RICHMOND, VA (AP) Commuters and beachgoers are facing a three-year driving nightmare: Interstate 64 from Newport News to suburban Richmond is being repaved.
With the existing I-64 widening project in Hampton and planned bridge repairs in the Richmond area, the newly announced work means that at least four major construction and maintenance projects will be under way this summer on sections of Virginia’s main east-west interstate.
The Virginia Department of Transportation (VDOT) sent letters Tuesday to members of the Virginia General Assembly and officials of localities where the work will take place informing them of the projects. Some of the work could be delayed or cut back if state lawmakers run into new budget snags.
VDOT said motorists should consider alternate routes such as U.S. 460 and U.S. 60.
Most of the more than $60 million in additional money needed to complete the plan is expected to come from the federal government, but a portion of the cost must be paid by the state.
VDOT said it will require contractors to work mostly on weeknights to minimize delays for travelers.
"VDOT understands that these areas of I-64 are in need of significant repair, and our goal is to complete those repairs while having the least amount of impact to traffic," said Jeff Caldwell, a VDOT spokesman. "Our goal is to complete this as quickly as possible," he added.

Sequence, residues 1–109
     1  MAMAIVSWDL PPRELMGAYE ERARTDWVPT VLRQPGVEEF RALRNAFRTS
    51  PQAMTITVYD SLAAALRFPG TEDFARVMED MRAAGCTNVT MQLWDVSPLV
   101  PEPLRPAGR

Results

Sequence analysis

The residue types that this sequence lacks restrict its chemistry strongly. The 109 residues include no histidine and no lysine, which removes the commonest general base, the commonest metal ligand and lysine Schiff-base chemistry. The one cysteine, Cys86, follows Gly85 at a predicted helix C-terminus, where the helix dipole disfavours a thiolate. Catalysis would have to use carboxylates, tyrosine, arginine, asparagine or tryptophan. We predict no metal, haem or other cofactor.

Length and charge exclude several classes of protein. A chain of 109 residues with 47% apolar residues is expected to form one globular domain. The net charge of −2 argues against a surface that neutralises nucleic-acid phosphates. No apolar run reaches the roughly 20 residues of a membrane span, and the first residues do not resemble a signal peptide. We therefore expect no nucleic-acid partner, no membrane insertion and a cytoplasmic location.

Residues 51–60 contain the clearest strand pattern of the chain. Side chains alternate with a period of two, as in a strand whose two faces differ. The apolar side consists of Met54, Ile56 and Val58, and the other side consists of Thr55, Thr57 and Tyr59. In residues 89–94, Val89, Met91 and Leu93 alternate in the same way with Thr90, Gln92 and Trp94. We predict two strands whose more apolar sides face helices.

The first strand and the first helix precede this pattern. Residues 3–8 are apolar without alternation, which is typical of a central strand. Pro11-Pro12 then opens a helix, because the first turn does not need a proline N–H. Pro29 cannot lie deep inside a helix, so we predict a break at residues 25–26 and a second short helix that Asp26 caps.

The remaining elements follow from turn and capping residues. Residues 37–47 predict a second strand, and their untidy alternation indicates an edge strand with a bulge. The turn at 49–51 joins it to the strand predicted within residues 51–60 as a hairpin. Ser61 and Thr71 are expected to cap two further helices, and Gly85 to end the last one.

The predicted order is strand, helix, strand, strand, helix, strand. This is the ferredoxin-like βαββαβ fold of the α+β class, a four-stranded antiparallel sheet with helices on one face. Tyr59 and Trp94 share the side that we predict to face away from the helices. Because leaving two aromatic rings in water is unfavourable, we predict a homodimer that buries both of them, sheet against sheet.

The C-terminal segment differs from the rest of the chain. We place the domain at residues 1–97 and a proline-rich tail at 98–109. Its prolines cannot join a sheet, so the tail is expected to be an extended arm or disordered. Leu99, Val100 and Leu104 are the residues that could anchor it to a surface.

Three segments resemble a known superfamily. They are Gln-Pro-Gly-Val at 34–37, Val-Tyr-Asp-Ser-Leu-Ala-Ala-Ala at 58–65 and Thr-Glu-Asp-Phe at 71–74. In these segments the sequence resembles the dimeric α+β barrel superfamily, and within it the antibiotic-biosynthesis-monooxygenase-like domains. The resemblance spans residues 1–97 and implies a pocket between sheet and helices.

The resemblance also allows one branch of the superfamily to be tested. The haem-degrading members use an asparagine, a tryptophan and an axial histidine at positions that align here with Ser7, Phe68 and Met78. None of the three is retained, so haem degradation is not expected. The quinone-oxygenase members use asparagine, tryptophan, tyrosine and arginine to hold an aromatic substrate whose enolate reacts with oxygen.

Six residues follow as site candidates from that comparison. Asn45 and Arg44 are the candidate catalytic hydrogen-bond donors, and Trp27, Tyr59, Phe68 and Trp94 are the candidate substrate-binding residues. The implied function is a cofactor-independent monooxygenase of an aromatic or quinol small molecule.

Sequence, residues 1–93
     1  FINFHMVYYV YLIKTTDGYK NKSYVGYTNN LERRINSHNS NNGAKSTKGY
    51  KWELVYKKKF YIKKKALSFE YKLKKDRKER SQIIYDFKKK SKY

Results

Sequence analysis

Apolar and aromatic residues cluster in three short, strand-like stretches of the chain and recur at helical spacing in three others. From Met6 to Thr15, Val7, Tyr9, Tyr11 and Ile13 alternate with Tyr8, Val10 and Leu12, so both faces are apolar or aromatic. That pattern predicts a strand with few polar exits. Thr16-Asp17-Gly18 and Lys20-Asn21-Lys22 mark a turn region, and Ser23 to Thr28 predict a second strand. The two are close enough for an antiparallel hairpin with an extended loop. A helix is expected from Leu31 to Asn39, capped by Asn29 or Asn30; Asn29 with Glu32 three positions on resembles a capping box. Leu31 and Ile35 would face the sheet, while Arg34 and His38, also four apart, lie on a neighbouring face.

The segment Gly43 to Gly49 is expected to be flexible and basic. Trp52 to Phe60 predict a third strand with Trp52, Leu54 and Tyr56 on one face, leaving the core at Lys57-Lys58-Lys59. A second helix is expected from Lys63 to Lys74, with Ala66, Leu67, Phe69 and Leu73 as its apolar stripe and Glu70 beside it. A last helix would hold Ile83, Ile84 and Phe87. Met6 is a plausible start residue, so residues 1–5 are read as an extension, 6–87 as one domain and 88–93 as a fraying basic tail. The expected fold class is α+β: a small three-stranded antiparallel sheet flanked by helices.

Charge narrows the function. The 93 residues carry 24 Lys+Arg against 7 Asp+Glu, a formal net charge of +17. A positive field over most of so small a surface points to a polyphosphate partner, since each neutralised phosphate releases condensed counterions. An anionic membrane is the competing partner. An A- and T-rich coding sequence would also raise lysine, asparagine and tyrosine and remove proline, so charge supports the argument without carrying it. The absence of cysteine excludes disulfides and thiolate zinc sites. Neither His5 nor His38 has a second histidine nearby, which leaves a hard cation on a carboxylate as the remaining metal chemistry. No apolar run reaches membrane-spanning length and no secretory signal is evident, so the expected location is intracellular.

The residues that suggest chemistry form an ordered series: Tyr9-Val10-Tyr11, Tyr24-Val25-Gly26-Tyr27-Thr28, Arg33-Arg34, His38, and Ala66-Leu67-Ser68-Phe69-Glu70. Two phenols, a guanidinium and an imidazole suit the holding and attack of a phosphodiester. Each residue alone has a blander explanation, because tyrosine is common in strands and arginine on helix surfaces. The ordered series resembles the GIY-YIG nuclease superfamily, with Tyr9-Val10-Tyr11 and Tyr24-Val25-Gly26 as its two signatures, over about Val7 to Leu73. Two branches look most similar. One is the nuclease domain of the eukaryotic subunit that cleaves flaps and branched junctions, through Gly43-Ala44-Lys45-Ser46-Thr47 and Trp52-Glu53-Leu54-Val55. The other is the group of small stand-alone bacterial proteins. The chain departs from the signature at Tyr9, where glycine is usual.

The Newport News-to-Richmond repaving project –– one of the largest in VDOT history –– is part of Virginia’s preparations for Jamestown 2007, the 400th anniversary of the establishment of the first English colony in the New World.
The expected impact of all of the projects on tourist-dependent parts of Hampton Roads led VDOT to begin alerting the region’s tourism coordinators so they can warn potential visitors about the highway work. Many of Virginia’s tourism destinations, particularly Virginia Beach, are reached primarily by car.
VDOT officials said the work on I-64 shouldn’t be postponed any longer because much of the interstate is in urgent need of repair.
The 60-mi. (96.6 km) repaving project will last about three years.